Growing up, she spent as much time away from home as possible, singing in the church choir and high school glee club. After graduation, she moved to Hollywood with $18 to her name. With little luck -- she was reduced to working as a carnival spieler -- she returned home.
She found work singing on Fargo's largest radio station, whose manager renamed her Peggy Lee. He said Norma Egstrom would not "sound right" if she should find work in a night club.
After serving as featured vocalist with well-known territory bands, she resettled in California and took a huge leap forward in forming her style. It began at the Doll House, a Palm Springs club where she had trouble being heard over the din of the crowd. She found that only by lowering her voice and making audience members strain would they stop talking.
The owner of the Ambassador West Hotel in Chicago caught her act one night and asked her to sing at his hotel's Buttery Room. Goodman heard her in Chicago and immediately hired her replace Helen Forrest, his star singer who had left to join Artie Shaw.
Ms. Lee likened her years with Goodman to "a boot camp," filled with dreadful early reviews, anxiety over filling Forrest's place and the glares of the perfectionist bandleader.
She made her landmark recording of "Why Don't You Do Right" after Goodman heard her singing along to a phonograph. It became a classic and established Ms. Lee's personality as a coolly sexy and practical lover who demands that her boyfriend "get outta here, and get me some money, too."
Among her other recordings with Goodman was a sublime version of Irving Berlin's "How Deep Is the Ocean."
After marrying the band's guitarist, Barbour, in 1943, they settled in California and collaborated as performers and composers on a series of delicately arranged songs for Capitol Records, then a fledgling firm started in part by songwriter Johnny Mercer.
With Barbour's spare lines and Ms. Lee's minimalist, sensitive interpretations, the sessions produced some of her most enduring work. "Golden Earrings" was a million-seller, followed by "Man~ana," which sold more than 2 million records in 1948.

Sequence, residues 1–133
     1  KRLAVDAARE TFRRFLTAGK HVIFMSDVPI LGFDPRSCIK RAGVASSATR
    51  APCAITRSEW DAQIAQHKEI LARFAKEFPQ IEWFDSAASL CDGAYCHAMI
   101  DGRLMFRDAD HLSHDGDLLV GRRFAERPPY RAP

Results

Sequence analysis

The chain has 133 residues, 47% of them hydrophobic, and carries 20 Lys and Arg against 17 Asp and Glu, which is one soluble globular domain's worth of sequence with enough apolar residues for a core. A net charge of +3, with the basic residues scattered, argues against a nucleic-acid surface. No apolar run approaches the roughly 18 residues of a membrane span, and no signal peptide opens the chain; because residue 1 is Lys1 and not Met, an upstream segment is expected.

She said Barbour's alcoholism hastened the end of their marriage in 1951. But through three more marriages she told interviewers Barbour was the love of her life. They were planning a reconciliation when he died in 1965.
"I kept blaming myself for his alcoholism and the failure of our marriage," she once said. "And I finally understood what Sophie Tucker used to say: 'You have to have your heart broken at least once to sing a love song.' "
She left Capitol for Decca in the mid-1950s and had a best-selling single with an up-tempo, Latinized version of the standard "Lover." Capitol had refused to let her do the song because Les Paul and Mary Ford had just had a hit with it.
She returned to Capitol in the late 1950s, and her subsequent releases included such highlights as "The Man I Love," with an orchestra conducted by Sinatra, and "Beauty and the Beat" with the George Shearing Quintet.
During those years, she continued composing, notably writing theme music for the cult Western "Johnny Guitar" (1954) and contributing lyrics to the Duke Ellington number "I'm Gonna Go Fishing," used in the James Stewart courtroom drama "Anatomy of a Murder" (1959).
She was vigilant about her financial interests over the years, a product she said of her torturous upbringing. In 1991, a California court awarded her $2.3 million for her work on "The Lady and the Tramp" as her share of the profits from the videocassette sale of the movie. She won on the basis of a clause in her pre-video era contract barring the sale of "transcriptions" of the movie without her approval.
She was a leading plaintiff in an ongoing case involving hundreds of musicians and their families against Vivendi Universal's music branch. She claimed that the company failed to pay her and other musicians who recorded with the Decca Records label before 1962 millions of dollars by underreporting sales and overcharging for services.
Last week, Vivendi Universal agreed to pay $4.75 million in back royalties to settle the suit.
In 1990, she came to Washington to receive the American Society of Composers, Authors and Publishers' Pied Piper Award for lifetime achievement. She wrote more than 100 songs during her career.
In her spare time, she painted. She also wrote poetry to relax, and a book of verse, "Softly, With Feeling," came out in 1953.
Her three other marriages also ended in divorce, to actors Brad Dexter in 1955 and Dewey Martin in 1958 and percussionist Jack Del Rio in 1965.
"They weren't really weddings, just long costume parties," she once said.
Survivors include a daughter from her first marriage; three grandchildren; and three great-grandchildren.